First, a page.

Today, I’d like to discuss a couple of options pertaining to the transfer of property between a parent and their child.
I’ve run into a couple of situations recently where a parent transferred a property to their child prior to passing away.
For a property to be transferred this way, there is specific paperwork that must be filled out. This paperwork is needed to exclude the property from additional taxes.
Let’s say I plan to transfer a property to a friend, and I bought that property back in 1990. This property is worth much more today than it was at the time of the purchase. If I transfer this property to my friend, even if I give it to them for just $1, the new tax base would still be reassessed at the current estimated value of the property.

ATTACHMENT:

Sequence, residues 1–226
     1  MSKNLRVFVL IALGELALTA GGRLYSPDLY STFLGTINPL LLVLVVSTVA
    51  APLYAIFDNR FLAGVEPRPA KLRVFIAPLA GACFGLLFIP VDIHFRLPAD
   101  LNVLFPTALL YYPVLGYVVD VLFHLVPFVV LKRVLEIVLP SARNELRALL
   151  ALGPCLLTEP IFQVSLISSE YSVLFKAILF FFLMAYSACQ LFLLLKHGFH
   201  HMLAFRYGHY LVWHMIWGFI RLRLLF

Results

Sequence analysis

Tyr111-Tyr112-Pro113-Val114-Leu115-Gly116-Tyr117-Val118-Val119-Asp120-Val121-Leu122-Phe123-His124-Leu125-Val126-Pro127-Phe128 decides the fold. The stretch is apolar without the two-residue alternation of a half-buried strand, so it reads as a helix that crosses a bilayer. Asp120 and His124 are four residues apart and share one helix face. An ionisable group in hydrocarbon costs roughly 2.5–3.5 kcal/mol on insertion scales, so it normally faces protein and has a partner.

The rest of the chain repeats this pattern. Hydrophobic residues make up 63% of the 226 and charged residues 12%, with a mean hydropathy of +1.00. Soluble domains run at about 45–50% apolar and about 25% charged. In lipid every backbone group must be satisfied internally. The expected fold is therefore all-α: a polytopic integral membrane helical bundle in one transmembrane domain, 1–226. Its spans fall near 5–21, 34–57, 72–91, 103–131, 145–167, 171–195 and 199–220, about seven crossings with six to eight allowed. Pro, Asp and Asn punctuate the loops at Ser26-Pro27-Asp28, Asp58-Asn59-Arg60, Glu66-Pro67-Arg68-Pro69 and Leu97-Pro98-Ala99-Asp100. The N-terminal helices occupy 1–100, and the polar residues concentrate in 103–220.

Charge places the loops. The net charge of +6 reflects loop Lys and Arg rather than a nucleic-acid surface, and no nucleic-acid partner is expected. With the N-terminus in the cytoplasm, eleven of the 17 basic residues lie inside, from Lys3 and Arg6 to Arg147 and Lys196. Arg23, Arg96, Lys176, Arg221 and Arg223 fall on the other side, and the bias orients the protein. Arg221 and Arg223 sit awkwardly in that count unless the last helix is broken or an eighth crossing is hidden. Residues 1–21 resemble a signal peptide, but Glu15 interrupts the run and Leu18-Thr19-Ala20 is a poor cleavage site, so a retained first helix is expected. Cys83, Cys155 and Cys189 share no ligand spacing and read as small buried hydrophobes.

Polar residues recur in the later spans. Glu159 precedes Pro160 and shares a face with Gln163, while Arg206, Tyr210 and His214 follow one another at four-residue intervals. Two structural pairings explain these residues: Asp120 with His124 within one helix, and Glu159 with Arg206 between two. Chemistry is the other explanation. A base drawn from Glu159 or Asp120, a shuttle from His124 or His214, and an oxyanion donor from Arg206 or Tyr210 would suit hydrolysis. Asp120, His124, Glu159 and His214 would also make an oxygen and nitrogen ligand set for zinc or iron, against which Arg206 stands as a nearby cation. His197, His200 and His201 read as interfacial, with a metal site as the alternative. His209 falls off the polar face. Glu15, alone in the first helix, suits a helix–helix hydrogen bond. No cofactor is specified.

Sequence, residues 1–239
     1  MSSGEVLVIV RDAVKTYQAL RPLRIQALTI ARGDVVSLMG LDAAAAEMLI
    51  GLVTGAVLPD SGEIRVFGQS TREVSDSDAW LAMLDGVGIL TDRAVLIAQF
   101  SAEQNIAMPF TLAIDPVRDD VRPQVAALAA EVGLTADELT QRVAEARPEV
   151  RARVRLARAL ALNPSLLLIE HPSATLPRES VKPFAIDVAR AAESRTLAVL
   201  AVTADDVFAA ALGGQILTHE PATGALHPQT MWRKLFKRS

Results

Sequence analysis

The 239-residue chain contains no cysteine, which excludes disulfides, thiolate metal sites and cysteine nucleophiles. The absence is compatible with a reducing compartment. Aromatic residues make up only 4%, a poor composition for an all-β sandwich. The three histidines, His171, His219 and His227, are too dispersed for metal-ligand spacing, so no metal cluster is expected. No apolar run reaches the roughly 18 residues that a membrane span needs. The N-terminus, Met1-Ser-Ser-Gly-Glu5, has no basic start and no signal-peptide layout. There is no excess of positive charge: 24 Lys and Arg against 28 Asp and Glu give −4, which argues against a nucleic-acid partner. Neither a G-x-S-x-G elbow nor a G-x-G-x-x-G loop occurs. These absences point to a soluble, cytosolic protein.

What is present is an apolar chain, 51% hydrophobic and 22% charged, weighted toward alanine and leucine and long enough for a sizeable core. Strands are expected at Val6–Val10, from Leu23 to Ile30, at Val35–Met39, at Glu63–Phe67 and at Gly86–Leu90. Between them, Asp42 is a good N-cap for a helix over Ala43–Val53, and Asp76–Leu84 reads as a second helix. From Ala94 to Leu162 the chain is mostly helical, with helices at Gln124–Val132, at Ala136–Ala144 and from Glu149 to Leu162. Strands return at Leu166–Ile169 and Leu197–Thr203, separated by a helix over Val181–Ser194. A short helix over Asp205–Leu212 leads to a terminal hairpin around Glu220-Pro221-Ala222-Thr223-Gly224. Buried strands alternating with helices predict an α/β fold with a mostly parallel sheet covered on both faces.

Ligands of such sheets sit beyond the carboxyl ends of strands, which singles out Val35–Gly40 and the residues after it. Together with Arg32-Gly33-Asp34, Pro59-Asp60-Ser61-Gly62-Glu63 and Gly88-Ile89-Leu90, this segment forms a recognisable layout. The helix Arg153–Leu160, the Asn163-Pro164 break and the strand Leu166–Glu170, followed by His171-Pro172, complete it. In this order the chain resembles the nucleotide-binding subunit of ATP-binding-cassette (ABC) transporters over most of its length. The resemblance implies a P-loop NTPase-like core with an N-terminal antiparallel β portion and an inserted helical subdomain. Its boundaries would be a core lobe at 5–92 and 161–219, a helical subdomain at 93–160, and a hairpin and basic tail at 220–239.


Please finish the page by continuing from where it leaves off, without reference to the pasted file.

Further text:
If this same scenario were to occur between a parent and child, or between a grandparent and child, there is an exclusion that can be applied to ensure the child has the same tax base their parent or grandparent had at the time of purchase.
The required paperwork for this process can be obtained from the county assessor’s office.
This process allows people to transfer property without the use of a trust. A trust can, however, be a good way to meet the same goals while avoiding certain costs and tax ramifications.
Take the following scenario as an example of when a trust might be preferable: If a property being transferred is not a primary residence, it may be counted as an income property. This would make the property subject to capital gains tax if it were ever to be sold.
Before you make the decision to transfer a property, it’s important that you discuss all of your options with a professional.
As always, if you have any other questions or would like more information, feel free to give me a call or send me an email. I look forward to hearing from you soon.